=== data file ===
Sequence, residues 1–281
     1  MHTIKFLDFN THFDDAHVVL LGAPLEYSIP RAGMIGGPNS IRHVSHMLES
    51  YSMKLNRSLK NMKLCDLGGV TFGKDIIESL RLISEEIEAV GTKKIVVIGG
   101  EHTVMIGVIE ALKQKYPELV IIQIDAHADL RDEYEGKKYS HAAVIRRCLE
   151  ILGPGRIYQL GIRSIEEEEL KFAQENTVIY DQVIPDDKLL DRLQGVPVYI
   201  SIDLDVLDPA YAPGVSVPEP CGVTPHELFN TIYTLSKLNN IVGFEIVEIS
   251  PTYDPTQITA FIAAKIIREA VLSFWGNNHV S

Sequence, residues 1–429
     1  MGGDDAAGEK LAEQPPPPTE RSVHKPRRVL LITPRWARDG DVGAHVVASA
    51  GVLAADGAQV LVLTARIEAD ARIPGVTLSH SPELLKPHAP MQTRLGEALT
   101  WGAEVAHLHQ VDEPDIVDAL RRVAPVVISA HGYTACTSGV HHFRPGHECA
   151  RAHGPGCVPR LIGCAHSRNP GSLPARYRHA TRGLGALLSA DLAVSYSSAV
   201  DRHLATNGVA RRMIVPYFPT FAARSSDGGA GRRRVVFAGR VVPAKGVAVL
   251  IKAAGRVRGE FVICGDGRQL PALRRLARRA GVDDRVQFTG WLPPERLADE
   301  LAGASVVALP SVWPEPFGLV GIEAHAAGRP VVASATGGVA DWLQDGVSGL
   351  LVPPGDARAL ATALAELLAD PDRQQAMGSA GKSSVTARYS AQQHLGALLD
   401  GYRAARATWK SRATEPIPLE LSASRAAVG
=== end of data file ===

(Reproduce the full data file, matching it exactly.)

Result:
Sequence, residues 1–281
     1  MHTIKFLDFN THFDDAHVVL LGAPLEYSIP RAGMIGGPNS IRHVSHMLES
    51  YSMKLNRSLK NMKLCDLGGV TFGKDIIESL RLISEEIEAV GTKKIVVIGG
   101  EHTVMIGVIE ALKQKYPELV IIQIDAHADL RDEYEGKKYS HAAVIRRCLE
   151  ILGPGRIYQL GIRSIEEEEL KFAQENTVIY DQVIPDDKLL DRLQGVPVYI
   201  SIDLDVLDPA YAPGVSVPEP CGVTPHELFN TIYTLSKLNN IVGFEIVEIS
   251  PTYDPTQITA FIAAKIIREA VLSFWGNNHV S

Sequence, residues 1–429
     1  MGGDDAAGEK LAEQPPPPTE RSVHKPRRVL LITPRWARDG DVGAHVVASA
    51  GVLAADGAQV LVLTARIEAD ARIPGVTLSH SPELLKPHAP MQTRLGEALT
   101  WGAEVAHLHQ VDEPDIVDAL RRVAPVVISA HGYTACTSGV HHFRPGHECA
   151  RAHGPGCVPR LIGCAHSRNP GSLPARYRHA TRGLGALLSA DLAVSYSSAV
   201  DRHLATNGVA RRMIVPYFPT FAARSSDGGA GRRRVVFAGR VVPAKGVAVL
   251  IKAAGRVRGE FVICGDGRQL PALRRLARRA GVDDRVQFTG WLPPERLADE
   301  LAGASVVALP SVWPEPFGLV GIEAHAAGRP VVASATGGVA DWLQDGVSGL
   351  LVPPGDARAL ATALAELLAD PDRQQAMGSA GKSSVTARYS AQQHLGALLD
   401  GYRAARATWK SRATEPIPLE LSASRAAVG